I am glad I really learned to appreciate my mother before she passed. Actually I learned this quite early as a rambunctious teenager, a rebel by most measures of a kid growing up in Nutley, NJ. My rebelious nature led me to Manhattan where I moved to the Lower East Side when I was about 17. I hung out at places like A7, The Park Inn, Max's Kansas City, CBGB's and the Mudd Club, to name a few.
This was not in line with the plan my parents had for me, especially my mother, who thought I should go to Dartmouth on a Ski Scholarship and eventually become a lawyer. Instead I was singing in a punk rock band in one of the seediest neighborhoods in downtown Manhattan.
I grew out of this phase of my life and pursued a spiritual path which Mom equally did not understand. Before I knew it, I had two beautiful little children and since they were vegetarian, my mother could not make them spaghetti and meatballs on Sunday. Ahhh, she never understood the whole vegetarian thing or the fact that I woke up at 4am to go to "Temple". Lol. But I do remember very clearly the day my mom called me up to yell at me saying, "You can do what you want with your life, but I love my grandson(my daughter was not born yet) and we want to see him more!" I got off the phone with her and did some thinking. She was right. Up to that point I was overly protective of my son but love knows no boundaries and my parents were entitled to be the Grandparents they wanted, deserved to be and love their grandchildren in their way.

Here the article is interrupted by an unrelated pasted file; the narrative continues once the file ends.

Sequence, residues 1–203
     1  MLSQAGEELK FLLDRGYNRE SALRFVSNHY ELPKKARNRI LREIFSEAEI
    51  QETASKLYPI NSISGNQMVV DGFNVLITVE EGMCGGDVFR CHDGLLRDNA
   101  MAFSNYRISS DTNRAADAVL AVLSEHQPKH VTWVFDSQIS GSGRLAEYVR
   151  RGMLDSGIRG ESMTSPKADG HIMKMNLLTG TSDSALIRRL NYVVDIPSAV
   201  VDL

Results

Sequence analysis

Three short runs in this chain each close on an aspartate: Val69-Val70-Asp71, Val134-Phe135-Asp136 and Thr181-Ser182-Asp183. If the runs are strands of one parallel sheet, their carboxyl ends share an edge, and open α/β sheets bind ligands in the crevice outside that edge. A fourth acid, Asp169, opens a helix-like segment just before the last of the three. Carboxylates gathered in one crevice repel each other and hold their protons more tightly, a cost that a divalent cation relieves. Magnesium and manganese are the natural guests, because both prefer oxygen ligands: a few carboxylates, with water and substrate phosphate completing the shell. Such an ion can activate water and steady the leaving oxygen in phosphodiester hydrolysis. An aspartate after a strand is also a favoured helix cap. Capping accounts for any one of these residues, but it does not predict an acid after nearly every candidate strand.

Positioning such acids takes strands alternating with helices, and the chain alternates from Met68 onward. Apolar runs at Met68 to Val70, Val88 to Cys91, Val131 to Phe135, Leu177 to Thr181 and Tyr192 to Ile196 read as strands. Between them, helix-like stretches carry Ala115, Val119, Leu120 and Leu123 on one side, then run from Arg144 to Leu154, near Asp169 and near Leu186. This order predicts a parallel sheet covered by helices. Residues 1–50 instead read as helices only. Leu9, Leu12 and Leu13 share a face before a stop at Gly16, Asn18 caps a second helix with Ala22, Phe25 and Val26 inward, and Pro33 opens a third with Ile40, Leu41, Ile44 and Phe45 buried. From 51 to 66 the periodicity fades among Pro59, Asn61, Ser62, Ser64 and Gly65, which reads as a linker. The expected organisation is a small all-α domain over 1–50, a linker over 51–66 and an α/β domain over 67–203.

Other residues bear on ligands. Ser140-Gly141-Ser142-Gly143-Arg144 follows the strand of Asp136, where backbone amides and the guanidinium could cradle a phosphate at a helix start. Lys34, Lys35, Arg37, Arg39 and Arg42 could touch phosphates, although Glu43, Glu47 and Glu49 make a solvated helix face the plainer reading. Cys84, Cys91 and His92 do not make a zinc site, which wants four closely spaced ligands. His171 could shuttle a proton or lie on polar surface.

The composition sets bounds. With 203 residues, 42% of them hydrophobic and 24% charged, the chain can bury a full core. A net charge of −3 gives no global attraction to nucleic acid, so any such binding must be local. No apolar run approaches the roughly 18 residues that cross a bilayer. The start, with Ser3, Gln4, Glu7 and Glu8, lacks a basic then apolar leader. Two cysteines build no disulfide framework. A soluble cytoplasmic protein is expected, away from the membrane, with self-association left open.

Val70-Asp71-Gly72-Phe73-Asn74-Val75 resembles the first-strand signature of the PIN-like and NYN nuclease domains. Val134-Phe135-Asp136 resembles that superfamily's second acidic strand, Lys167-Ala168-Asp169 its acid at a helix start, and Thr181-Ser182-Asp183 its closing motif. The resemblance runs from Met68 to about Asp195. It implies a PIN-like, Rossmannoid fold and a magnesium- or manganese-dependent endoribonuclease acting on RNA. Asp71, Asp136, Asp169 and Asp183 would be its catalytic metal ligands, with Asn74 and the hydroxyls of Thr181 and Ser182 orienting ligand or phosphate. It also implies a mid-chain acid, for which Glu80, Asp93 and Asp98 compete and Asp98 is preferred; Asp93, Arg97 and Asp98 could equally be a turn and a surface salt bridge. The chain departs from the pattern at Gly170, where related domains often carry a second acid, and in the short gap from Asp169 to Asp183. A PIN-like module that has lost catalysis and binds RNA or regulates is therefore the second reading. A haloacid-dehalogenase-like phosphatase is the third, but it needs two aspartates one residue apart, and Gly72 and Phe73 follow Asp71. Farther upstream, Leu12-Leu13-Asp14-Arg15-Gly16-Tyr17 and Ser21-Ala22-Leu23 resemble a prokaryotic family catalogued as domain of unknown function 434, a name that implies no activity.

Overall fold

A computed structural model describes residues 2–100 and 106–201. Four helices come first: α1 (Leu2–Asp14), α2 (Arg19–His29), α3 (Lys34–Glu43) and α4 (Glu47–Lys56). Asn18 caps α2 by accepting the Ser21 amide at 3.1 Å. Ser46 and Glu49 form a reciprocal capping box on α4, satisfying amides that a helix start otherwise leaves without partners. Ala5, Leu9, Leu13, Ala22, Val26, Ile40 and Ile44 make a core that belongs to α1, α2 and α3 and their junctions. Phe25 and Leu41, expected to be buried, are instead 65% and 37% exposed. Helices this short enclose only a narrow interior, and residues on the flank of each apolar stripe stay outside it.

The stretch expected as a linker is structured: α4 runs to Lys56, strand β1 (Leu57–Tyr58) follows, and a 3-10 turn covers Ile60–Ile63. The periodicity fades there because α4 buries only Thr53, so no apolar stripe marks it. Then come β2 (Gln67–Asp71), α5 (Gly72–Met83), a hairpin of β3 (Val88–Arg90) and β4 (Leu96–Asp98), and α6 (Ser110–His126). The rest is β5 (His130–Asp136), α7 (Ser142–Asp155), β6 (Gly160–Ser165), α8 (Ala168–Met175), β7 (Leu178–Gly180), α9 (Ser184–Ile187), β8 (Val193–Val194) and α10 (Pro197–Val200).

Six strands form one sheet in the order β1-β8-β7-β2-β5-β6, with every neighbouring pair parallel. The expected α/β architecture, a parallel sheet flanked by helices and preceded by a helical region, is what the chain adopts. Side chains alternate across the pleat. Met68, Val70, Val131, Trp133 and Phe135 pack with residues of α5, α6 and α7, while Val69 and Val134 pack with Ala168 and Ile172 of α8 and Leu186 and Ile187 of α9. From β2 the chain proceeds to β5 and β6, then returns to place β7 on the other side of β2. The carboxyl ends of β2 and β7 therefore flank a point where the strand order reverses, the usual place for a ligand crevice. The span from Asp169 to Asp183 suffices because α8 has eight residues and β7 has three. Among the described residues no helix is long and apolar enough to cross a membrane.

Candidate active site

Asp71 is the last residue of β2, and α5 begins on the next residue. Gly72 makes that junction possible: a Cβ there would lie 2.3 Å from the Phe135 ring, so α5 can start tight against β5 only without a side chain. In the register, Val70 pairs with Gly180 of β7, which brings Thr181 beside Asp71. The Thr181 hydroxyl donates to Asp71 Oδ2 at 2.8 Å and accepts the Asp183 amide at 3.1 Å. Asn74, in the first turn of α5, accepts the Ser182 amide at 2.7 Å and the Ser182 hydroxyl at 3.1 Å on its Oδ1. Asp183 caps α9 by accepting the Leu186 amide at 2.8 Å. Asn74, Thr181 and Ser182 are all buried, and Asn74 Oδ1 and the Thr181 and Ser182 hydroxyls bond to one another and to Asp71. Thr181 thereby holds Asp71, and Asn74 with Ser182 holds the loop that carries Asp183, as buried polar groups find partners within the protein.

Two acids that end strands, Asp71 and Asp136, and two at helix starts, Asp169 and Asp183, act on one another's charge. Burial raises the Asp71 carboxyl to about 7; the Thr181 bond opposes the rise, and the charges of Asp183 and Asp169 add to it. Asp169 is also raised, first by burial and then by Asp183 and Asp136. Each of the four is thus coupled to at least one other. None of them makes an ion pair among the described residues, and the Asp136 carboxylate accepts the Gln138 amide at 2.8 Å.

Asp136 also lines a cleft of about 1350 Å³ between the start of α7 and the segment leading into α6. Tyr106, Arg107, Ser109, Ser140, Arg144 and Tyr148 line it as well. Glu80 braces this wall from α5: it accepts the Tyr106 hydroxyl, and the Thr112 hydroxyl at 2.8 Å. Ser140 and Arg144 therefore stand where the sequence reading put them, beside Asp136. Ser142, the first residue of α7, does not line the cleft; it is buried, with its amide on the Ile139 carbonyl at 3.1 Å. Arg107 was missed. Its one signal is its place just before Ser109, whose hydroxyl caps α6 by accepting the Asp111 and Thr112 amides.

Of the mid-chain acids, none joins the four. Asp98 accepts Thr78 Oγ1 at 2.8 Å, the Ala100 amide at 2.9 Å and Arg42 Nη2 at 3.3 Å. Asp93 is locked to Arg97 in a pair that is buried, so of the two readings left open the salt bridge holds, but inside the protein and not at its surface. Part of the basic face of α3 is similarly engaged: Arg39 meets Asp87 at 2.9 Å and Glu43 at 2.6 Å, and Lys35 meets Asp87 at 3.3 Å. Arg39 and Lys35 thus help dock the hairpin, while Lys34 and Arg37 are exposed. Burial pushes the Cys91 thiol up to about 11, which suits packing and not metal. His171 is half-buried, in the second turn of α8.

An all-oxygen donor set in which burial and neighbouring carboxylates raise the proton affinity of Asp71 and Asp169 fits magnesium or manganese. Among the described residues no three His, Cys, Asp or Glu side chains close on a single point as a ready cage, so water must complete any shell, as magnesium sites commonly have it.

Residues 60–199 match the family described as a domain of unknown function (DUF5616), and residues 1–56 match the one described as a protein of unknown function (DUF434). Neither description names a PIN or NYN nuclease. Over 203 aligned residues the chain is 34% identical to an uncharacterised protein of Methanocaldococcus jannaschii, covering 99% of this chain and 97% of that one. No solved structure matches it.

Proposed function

From that day on my relationship had shifted with my mother. I really understood that she loved me and, even though we had diametrically opposed views about life, love was the bridge that connected us all. I am glad I had that breakthrough because when my mother passed away from this world, I had no regrets and she had a completely fulfilling relationship with her Grandchildren and they got to know and love their wonderful Grandmother.
I love you Mom, Happy Mother's Day.